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Decoding the story of an Akwesasne hero

 Decoding the story of an Akwesasne hero

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11/8/2018      

 

For years, OPG pensioner Pat Oakes knew almost nothing about her father’s experience in World War II.

A former Senior Advisor of Indigenous Relations at OPG, Oakes believed that Alex Oakes – an Akwesasne Mohawk — served as a paratrooper in the U.S. Army’s 82nd Airborne Division. But in a surprise announcement in September 2015, his mysterious past was suddenly decoded.

Alex Oakes was part of an elite group of Akwesasne code talkers during World War II.
Alex Oakes was part of an elite group of Akwesasne code talkers during World War II.

​“As it turns out, he was a Code Talker,” said Oakes. An elite group, the Akwesasne code talkers used the Mohawk language to transmit secret messages between units. Oakes’ father was stationed in France and the Netherlands, and received two Purple Hearts and a Bronze Star for Valor. He sadly passed away in 2008.

“I had no idea about this part of his past,” said Oakes. “When I was a child, he would tell stories about the war. But he would never say anything specific, just that he was on secret missions. He never revealed what those missions were.”

In May 2016, the Code Talkers were honoured in a special ceremony held in Akwesasne, which straddles the Canada­U.S. border along the St. Lawrence River near Cornwall. Standing in her father’s place, Oakes was given one of 17 silver Congressional Medals. She was accompanied by Levi Oakes, her cousin and the last living Code Talker.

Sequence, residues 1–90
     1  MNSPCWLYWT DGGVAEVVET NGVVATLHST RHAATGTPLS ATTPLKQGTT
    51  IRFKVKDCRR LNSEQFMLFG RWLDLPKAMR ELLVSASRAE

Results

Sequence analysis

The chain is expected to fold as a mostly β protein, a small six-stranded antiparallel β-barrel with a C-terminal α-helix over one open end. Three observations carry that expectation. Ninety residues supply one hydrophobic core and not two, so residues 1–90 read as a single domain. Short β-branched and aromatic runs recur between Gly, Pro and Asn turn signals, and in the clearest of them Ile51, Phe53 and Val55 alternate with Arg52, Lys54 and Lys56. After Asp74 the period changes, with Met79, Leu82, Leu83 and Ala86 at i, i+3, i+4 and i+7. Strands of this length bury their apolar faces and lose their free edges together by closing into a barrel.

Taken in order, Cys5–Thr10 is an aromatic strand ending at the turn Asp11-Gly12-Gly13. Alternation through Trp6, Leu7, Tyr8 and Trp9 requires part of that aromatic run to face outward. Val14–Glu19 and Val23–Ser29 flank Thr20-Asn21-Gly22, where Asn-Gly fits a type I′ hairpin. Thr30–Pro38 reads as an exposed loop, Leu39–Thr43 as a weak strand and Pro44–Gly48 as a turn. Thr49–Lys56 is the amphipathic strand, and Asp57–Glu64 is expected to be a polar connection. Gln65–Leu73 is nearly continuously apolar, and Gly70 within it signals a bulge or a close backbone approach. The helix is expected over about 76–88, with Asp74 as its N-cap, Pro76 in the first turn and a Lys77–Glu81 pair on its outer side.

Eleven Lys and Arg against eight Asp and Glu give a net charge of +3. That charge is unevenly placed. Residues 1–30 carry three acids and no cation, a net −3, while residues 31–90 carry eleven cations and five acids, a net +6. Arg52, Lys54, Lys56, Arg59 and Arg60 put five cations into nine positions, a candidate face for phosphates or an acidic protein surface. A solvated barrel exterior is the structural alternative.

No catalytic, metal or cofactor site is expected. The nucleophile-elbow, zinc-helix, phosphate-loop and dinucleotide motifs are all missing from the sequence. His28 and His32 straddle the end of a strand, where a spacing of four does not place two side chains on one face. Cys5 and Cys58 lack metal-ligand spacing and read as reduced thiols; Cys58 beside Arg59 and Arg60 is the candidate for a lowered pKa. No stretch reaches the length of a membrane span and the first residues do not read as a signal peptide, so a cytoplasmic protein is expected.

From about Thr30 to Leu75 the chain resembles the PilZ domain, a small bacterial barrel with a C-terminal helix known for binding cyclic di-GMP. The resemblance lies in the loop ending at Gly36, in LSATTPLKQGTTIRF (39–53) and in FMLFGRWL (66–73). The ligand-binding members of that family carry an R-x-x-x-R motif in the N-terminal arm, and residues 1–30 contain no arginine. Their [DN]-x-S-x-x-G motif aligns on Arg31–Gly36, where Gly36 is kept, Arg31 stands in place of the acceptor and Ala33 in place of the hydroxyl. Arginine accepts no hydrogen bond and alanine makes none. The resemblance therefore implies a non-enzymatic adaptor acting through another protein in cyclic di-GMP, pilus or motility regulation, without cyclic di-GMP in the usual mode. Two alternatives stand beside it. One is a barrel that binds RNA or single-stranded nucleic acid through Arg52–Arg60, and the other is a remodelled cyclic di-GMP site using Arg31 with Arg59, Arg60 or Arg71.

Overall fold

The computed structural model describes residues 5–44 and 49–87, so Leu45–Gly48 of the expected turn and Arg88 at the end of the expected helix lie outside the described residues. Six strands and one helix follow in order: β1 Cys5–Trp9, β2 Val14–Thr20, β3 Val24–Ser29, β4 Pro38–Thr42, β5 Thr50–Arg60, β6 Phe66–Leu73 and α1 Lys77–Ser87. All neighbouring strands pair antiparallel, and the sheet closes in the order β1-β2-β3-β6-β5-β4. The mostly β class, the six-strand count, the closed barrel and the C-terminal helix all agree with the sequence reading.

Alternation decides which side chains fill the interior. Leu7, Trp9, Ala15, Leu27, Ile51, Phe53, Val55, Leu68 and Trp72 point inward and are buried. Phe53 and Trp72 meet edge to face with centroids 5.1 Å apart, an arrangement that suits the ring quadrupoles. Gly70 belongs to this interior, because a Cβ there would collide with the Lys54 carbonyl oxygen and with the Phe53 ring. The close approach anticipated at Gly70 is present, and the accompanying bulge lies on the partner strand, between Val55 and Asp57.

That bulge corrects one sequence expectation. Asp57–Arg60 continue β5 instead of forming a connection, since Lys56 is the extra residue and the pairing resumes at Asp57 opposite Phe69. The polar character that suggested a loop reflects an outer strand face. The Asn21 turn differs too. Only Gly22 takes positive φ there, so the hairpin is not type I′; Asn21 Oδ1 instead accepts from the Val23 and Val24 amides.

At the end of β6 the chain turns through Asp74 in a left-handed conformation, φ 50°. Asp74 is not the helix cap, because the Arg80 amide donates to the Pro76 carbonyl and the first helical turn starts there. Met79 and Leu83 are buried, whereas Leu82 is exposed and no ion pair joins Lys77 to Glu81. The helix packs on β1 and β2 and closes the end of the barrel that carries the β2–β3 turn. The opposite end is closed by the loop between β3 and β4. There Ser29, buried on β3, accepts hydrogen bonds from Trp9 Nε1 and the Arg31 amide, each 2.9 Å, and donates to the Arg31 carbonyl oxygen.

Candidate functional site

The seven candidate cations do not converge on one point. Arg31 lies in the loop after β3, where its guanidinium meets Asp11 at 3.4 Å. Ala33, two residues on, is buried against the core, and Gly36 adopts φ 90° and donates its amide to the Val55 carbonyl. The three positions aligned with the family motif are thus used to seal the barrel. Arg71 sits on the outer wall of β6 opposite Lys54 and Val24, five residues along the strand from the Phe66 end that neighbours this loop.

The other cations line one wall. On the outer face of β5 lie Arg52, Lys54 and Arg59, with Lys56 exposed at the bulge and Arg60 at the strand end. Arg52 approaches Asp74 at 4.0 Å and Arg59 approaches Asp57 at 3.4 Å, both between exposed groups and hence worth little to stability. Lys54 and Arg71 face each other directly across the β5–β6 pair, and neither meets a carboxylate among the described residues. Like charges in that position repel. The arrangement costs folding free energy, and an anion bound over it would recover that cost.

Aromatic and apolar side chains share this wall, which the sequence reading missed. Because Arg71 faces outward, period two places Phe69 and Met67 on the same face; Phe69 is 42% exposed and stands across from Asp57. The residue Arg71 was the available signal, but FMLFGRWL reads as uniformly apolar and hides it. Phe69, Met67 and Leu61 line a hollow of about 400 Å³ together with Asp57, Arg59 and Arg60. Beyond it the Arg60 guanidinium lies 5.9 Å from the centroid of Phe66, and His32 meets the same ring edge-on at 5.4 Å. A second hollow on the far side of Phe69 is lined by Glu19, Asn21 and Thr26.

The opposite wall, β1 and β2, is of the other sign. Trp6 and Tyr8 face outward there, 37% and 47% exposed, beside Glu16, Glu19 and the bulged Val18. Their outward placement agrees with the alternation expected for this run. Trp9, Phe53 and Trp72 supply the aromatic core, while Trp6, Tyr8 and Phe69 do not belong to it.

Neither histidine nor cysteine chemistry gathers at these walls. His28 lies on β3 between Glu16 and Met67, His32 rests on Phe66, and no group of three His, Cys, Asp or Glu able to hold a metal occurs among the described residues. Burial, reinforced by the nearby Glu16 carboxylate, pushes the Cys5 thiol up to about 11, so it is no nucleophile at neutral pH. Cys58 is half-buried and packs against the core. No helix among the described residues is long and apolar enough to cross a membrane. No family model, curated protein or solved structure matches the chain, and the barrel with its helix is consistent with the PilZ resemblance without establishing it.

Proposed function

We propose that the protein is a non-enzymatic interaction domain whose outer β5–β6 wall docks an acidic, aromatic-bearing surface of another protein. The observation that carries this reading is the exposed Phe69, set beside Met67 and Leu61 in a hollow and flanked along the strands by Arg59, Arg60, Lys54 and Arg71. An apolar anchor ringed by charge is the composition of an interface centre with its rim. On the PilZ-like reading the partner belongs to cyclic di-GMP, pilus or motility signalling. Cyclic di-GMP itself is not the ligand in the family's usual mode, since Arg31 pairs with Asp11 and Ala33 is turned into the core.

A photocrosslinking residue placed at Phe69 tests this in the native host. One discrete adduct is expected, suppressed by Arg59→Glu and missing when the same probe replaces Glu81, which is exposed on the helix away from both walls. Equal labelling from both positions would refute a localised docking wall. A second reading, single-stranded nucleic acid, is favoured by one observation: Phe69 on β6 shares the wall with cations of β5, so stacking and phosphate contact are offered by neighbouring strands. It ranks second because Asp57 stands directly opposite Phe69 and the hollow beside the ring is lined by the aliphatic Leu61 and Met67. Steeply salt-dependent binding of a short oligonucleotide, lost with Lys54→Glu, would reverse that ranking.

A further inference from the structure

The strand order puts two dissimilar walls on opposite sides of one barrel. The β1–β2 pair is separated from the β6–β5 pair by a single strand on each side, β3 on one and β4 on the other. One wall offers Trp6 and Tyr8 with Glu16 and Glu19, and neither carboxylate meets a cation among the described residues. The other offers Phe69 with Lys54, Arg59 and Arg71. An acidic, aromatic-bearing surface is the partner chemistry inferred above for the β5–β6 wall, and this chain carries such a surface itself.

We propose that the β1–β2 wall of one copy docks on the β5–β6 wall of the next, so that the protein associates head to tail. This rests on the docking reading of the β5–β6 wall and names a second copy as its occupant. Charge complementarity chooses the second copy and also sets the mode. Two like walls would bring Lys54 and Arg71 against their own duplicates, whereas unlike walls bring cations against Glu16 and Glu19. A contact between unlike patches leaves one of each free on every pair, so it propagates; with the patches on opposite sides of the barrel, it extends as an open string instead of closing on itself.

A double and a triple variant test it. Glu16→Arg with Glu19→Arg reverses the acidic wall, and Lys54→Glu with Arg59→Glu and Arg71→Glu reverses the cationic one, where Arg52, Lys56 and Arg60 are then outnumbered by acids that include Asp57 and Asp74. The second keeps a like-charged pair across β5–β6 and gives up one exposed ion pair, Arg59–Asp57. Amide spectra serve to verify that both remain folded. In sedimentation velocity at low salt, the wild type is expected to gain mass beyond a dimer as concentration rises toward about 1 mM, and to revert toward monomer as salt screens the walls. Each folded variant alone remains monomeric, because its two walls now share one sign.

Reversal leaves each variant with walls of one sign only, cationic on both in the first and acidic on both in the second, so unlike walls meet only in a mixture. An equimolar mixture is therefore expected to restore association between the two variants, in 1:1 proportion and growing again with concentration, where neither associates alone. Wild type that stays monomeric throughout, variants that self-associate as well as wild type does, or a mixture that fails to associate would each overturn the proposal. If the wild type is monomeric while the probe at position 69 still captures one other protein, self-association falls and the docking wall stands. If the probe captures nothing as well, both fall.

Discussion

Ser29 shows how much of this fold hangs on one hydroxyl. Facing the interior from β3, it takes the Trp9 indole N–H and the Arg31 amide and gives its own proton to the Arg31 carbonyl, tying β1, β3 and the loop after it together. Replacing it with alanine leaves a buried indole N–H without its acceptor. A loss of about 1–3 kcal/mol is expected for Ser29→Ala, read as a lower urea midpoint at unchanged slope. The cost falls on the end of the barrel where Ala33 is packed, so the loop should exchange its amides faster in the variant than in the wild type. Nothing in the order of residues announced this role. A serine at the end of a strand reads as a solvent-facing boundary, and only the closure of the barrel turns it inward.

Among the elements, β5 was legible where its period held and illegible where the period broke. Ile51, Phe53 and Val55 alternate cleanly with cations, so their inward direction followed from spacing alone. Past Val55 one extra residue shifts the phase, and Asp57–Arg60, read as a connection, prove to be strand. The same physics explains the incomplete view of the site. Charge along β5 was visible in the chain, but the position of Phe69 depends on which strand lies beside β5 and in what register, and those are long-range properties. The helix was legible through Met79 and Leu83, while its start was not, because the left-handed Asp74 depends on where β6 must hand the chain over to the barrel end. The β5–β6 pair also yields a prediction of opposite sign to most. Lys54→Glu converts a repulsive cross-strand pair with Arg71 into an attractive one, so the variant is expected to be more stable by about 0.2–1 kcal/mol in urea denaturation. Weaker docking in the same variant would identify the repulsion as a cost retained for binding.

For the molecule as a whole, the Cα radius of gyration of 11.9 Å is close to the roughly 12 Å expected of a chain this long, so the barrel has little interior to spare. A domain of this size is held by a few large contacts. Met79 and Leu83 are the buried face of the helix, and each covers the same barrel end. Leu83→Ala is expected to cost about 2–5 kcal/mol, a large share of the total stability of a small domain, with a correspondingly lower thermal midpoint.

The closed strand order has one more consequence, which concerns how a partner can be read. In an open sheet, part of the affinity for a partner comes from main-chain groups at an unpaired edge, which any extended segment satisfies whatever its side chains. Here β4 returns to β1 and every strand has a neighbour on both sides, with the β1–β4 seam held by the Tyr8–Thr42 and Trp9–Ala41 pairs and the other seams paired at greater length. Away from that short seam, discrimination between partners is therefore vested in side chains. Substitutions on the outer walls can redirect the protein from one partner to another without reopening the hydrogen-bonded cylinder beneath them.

The Congressional medal is the highest award that can be presented to an individual by the U.S. Congress. The Akwesasne medals were specially made by the U.S. Mint to commemorate the Mohawk Code Talkers, and are adorned with icons of Mohawk culture.

“My father was a proud Mohawk speaker,” Oakes said. “We are so honoured and very proud of him and all the Mohawk Code Talkers and veterans who sacrificed a lot for our freedom.”

Oakes’ father’s contributions go beyond the war effort. After the war, he played a key role in the Akwesasne community. He became Grand Chief in the 1960s, leading the community with quiet compassion. He also formed a veterans group for disabled residents who had been involved in several conflicts, including WWII and the Vietnam War.

“He was a gentle giant, a big man but sensitive and caring,” said Oakes. “Community members would come in and talk and he would just listen. He really wanted to help them.”

Unwavering in his sense of duty, Oakes’ father never forgot his wartime experiences.

“When he was 76, he was invited by a four-star general to go to France,” recalled Oakes. “When he was leaving, he told the general he wanted to leave the same way he arrived more than 50 years ago. Wearing his army uniform, he marched seven miles through a nearby French town as residents waved and saluted him.”

A leader in her own right, Oakes is an active member of the Akwesasne and Indigenous community in Toronto. During her time with OPG, she coordinated OPG’s Native Circle, a support group for Indigenous employees.